9. Being instructed by God at that time to distance himself from Ishmael, despite his fatherly love for him – as God commanded him, “Do not be distressed over the lad ...”(Genesis 21:12) The preceding verse testifies how disturbing this matter was to Abraham (“The matter greatly distressed Abraham, regarding his son”), yet he still followed Sarah’s instructions as God told him to do, and expelled Hagar and Ishmael.

10. Swiftly following God’s request that he offer Isaac, his most beloved son, as a sacrifice to Him. (Genesis 22:1-10) (Seven Gates of Righteous Knowledge by Rabbi Moshe Weiner and Dr. Michael Schulman, Ask Noah International, 2017, p 133)

Offline Noachide

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Re: Seven Gates of Righteous Knowledge
« Reply #245 on: January 24, 2019, 07:01:15 AM »
One should contemplate that as much as Abraham was pious and trusted God, and had faith in Him, he was still tested repeatedly by such difficult tests as these, which the average person would have no power to withstand. Why did God test him this way, so many times? It was because He wanted to demonstrate His love for Abraham. He wanted to show all people (and Abraham himself as well) how close he was to God, to the extent that he cleaved to God with all his might under difficult circumstances. Abraham did not weigh any nor all of his tribulations and challenging experiences – whatever they were – against his faith and trust in God. (Seven Gates of Righteous Knowledge by Rabbi Moshe Weiner and Dr. Michael Schulman, Ask Noah International, 2017, p 133)

Offline Noachide

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Re: Seven Gates of Righteous Knowledge
« Reply #246 on: January 25, 2019, 05:53:18 AM »
A trouble that comes upon a community results from their sins as a community. For example, the community in general may be accepting of a particular serious sin or immoral behavior that many of the people there commit regularly as their normal way of acting. Some examples in the Hebrew Bible are: the generations of the Flood and the Tower of Babel; the metropolis around Sodom in the days of Abraham; the city of Nineveh in the days of the prophet Jonah; and the Land of Israel in the days of the prophet Joel. If the people admit their wrongdoing, stop the sinful behavior that caused this, and collectively repent, they will be forgiven and the trouble will be averted, as it happened for the people of Nineveh. (Seven Gates of Righteous Knowledge by Rabbi Moshe Weiner and Dr. Michael Schulman, Ask Noah International, 2017, p 134-135)


Offline Noachide

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Re: Seven Gates of Righteous Knowledge
« Reply #247 on: January 26, 2019, 06:02:45 AM »
This is not the same as in the case of trouble that occurs to an individual. If it is God’s will and wisdom that an individual person is to receive distress, then if he prays and repents and fixes his ways – and especially if other individuals also pray for God to help this person – then it is possible that God in His mercy will remove the trouble. But it is also possible that God in His wisdom made it a firm decree that will not be removed, even if this person prays and repents to the utmost of his (limited) ability. Even if his prayer is not fully granted, God may ease his trouble what it would have been otherwise. (Seven Gates of Righteous Knowledge by Rabbi Moshe Weiner and Dr. Michael Schulman, Ask Noah International, 2017, p 135)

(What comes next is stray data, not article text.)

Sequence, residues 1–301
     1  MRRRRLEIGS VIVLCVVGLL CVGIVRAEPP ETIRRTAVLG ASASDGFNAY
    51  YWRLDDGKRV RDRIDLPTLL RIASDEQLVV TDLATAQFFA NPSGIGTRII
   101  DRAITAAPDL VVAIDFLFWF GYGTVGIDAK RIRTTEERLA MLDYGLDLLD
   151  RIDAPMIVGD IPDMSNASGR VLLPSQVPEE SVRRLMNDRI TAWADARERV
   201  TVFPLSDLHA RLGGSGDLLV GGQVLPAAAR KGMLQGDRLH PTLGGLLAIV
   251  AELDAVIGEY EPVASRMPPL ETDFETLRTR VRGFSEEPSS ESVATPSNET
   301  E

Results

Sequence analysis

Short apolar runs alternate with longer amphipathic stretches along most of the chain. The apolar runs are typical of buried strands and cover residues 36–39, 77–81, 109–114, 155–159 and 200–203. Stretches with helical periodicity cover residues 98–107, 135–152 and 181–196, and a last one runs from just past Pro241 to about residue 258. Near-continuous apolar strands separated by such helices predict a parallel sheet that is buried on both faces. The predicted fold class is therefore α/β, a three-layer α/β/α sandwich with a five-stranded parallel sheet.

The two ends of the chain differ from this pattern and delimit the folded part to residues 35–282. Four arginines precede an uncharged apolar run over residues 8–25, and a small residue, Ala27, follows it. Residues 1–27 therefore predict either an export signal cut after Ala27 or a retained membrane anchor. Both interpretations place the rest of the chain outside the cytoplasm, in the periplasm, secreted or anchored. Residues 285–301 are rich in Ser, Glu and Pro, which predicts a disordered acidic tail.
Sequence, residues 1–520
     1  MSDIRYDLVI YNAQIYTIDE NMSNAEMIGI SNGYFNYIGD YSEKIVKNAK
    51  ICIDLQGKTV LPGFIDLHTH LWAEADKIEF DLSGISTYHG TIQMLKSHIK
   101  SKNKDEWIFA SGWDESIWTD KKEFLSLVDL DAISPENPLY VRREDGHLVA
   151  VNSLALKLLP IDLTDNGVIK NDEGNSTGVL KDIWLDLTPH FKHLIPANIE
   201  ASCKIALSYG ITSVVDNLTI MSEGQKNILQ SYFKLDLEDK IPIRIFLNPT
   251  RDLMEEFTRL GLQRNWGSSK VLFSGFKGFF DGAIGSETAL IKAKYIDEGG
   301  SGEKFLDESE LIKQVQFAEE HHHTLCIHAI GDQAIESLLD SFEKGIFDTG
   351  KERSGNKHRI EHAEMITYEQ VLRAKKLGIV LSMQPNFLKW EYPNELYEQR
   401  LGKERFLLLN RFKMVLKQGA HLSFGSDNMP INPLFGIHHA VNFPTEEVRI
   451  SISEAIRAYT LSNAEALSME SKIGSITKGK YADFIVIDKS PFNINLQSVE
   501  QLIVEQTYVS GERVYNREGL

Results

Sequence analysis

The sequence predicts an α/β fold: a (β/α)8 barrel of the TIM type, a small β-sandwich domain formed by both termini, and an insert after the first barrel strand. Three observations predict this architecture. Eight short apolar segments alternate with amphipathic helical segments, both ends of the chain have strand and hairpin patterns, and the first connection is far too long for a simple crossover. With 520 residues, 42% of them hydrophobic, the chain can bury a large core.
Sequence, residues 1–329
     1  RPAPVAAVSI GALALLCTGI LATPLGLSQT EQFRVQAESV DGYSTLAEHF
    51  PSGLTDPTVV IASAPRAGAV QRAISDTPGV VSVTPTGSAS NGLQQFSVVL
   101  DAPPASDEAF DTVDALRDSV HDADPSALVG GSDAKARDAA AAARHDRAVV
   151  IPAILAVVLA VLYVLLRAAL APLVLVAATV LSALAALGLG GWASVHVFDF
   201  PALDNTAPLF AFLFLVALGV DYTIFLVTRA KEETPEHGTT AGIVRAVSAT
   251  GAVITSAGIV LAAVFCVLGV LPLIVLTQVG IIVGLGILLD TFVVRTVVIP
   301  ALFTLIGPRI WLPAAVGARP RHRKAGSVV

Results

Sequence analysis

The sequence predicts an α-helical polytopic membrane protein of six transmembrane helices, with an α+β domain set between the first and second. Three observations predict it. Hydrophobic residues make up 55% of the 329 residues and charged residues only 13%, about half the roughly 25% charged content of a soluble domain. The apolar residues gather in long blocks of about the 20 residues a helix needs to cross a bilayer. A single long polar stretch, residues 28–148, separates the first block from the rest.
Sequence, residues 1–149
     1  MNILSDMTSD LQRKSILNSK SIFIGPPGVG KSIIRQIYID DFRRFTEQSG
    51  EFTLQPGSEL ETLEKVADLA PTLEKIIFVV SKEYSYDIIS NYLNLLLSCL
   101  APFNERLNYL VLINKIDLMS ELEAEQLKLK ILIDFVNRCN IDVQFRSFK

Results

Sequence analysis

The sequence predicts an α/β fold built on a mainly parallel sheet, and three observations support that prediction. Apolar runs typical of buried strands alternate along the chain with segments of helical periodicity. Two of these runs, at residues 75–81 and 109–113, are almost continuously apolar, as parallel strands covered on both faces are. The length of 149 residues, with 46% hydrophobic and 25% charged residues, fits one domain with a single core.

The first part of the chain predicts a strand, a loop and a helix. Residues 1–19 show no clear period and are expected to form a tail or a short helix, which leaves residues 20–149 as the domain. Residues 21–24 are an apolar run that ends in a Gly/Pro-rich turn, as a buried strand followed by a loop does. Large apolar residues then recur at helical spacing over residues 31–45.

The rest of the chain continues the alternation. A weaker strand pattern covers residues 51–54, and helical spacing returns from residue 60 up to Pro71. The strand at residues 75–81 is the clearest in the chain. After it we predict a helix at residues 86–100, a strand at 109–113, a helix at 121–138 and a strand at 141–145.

Offline Noachide

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Re: Seven Gates of Righteous Knowledge
« Reply #248 on: January 27, 2019, 06:24:35 AM »
Regardless, it is still obligatory to endeavor to better one’s ways, repent, and pray to God to be saved from the distress , because in either case, the person needs to draw closer to God through all of that Divine service for his own benefit. The merit he earns from doing this will bring him a reward from God, either during his physical life or in his spiritual afterlife. At the same time, by enduring his troubles with faith that it is all for the best, they will provide an amount of atonement for his sins. It is a fundamental principle that trouble is administered by God to cleanse a person’s soul, and although it is temporary painful, this knowledge itself should help the person to endure the pain and remain thankful to God for the blessings that he has. (Seven Gates of Righteous Knowledge by Rabbi Moshe Weiner and Dr. Michael Schulman, Ask Noah International, 2017, p 135)


Offline Noachide

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Re: Seven Gates of Righteous Knowledge
« Reply #249 on: January 28, 2019, 06:51:41 AM »
On a very simple level, one can understand this concept based on an analogy with the beneficial function of physical pain that accompanies an injury or illness. If a person did not feel pain, he would not know that he was injured or sick, and he would not realize that he must act as soon as possible to get the proper treatment or begin a healthier lifestyle, in order to preserve his life and health. The purpose of God’s creation of the bodily function of feeling pain is not for the sake of the pain itself, God forbid, and not so that it should continue without relief. Rather, it is the body’s “alarm system” to notify the person that his body needs healing. Likewise, troubles and pain also serve as a spiritual “alarm system” to alert the person to honestly examine and improve his ways, and that God is desiring for the person to come closer to Him with faith and repentance. (Seven Gates of Righteous Knowledge by Rabbi Moshe Weiner and Dr. Michael Schulman, Ask Noah International, 2017, p 135-136)